A couple of months ago I received a call from Goldberg Law Group to work with a woman whose sister-in-law, Susan, would not be able to stay at the assisted living facility where she lived for the past 3 years because the state had determined she was no longer medically eligible for community Medicaid (MLTSS). Susan, her sister-in-law Brenda reported, had had emotional, mental and medical difficulties from childhood. The threat to remove her from a supportive environment would be a departure from the decision made 3 years earlier ago which had deemed her eligible for Medicaid.

The Medicaid representative stated that Susan was able to care for herself, based on nursing notes and interviews with Susan, who assured her that she was quite independent and perfectly able to bathe herself, take medications properly, ambulate without assistance, maintain her diet and be involved in activities.

The problem was that the nursing notes were inconsistent and sometimes contradictory due to a change in staff and lack of coordination. To rectify this Eric Goldberg asked that I do an assessment and, in turn, seeing the lack of a full history of Susan’s development, I recommended that a neuropsychological exam be administered.

Our task was to be neutral, to read the nursing notes but also take into account the observations of family and staff who knew Susan well. They reported a decline and were concerned about her memory functioning. Staff presented a consistent picture of a 68 year old woman who had social and emotional issues and would bend a truth to get what she wanted. They all observed that Susan had become more dependent as evidenced by her refusal to take medications properly saying, “the nurses know what pills I take, I don’t have to”; follow a diet for diabetes, irritable bowel syndrome and weight control; refuse to follow recommendations from physical therapy to help with poor balance and gait; and the need for an aide to assist with bathing to avoid the rashes she was getting from poor self-care. In addition, they noted, Susan had been isolating herself socially, not attending programs she used to enjoy and having meals delivered to her room – an extra expense to the family were it to continue. They all reported that Susan’s memory was spotty and noted an inability to learn new tasks (like the TV remote which she had been familiar with).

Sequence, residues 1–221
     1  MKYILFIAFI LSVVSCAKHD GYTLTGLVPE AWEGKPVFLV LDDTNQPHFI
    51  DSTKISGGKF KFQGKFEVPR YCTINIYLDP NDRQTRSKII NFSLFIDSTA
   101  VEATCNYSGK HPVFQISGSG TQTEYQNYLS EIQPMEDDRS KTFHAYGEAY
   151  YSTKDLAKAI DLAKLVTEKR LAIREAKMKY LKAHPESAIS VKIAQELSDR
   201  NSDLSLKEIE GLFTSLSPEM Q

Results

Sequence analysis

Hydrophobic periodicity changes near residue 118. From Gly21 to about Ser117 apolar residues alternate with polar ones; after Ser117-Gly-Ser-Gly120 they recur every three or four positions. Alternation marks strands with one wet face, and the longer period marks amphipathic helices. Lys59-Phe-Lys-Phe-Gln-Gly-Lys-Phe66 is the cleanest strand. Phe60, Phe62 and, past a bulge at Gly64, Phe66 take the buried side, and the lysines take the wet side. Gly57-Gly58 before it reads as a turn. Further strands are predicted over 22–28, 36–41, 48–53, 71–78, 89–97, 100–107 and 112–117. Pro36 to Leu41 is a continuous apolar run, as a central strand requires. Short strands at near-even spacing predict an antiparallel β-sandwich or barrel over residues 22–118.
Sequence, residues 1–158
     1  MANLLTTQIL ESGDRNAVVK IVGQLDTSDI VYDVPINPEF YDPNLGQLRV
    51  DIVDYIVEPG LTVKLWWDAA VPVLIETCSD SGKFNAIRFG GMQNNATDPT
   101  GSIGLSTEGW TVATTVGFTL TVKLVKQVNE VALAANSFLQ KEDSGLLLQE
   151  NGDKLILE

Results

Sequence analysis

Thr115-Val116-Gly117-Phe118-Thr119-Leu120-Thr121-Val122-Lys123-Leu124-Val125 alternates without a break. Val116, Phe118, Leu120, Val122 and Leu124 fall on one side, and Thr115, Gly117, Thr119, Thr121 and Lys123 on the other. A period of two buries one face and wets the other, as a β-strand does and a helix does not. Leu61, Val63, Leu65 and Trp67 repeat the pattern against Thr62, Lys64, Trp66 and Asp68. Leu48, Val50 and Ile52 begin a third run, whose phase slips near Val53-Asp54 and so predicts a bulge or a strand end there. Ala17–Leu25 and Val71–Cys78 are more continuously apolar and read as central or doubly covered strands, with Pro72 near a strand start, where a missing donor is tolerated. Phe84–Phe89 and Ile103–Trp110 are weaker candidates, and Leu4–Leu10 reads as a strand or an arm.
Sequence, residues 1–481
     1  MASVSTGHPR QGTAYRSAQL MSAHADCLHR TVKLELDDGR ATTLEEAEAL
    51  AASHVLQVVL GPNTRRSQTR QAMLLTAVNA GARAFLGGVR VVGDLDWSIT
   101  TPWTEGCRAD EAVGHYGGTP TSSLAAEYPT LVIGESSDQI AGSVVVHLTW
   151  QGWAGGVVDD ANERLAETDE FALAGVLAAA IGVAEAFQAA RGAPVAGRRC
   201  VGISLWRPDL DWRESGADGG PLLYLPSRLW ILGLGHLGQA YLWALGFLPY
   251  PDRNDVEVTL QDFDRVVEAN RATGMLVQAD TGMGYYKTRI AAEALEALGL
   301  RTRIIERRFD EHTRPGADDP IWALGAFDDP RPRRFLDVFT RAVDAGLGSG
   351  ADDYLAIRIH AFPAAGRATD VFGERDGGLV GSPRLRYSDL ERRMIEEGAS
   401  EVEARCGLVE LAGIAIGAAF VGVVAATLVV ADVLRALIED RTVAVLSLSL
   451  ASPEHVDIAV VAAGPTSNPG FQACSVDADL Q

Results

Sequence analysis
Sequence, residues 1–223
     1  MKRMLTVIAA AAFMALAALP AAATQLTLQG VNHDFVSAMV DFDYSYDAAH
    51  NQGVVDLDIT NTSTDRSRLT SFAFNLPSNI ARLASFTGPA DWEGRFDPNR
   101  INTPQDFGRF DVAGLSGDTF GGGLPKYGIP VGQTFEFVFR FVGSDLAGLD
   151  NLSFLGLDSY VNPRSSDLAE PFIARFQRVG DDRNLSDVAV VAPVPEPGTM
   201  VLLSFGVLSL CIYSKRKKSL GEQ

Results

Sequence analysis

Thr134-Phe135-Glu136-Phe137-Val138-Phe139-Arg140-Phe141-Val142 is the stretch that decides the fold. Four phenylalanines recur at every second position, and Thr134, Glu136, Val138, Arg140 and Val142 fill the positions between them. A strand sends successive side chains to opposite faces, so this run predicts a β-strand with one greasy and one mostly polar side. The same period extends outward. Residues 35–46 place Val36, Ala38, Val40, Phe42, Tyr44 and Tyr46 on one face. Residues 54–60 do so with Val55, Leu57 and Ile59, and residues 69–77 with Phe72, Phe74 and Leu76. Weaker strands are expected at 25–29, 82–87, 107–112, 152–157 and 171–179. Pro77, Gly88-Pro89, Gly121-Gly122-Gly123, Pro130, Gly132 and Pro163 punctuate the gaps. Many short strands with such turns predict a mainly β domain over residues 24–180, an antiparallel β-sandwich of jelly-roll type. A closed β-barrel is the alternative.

I met with Susan, who presented as alert but talking for even a few minutes revealed a person with limited insight and significant gaps in logic and memory. She exhibited overlearned behavior; i.e., knowing the “right” thing to say but not comprehending that it was in fact harming her. Neuropsychologist Dan Edelman, through his testing and interviews, concluded that Susan “suffers from a developmental disability since birth, which has had profound ramifications involving severe deficits in adaptive functioning.”

As a team we agreed that releasing Susan to a community setting would be a disaster and that our reports would support keeping her at the assisted living. After all, with poor social skills and an inability to care for herself, how could she possibly manage?

Eric Goldberg now had to tackle the legal side – working with the facility to rectify the nursing notes and reflect the changes staff had reported but hadn’t been recorded, then integrate that with our test and interview results.

It felt like a miracle was in order but no, it was skill, not magic, that lead the state to re-evaluate their findings. Eric presented a compelling and well documented picture which caused the state to change its determination.

As Brenda said in a note to us “There is no question that your assessments and perseverance played a significant role in getting Susan placed in a level of care that allows her to stay where she is. Working with you, Eric and Dan gave us the energy to rally through this. Thank you for your professionalism and support.”

Teamwork…it works.

Ruth Rothbart-Mayer, LCSW, C-ASCM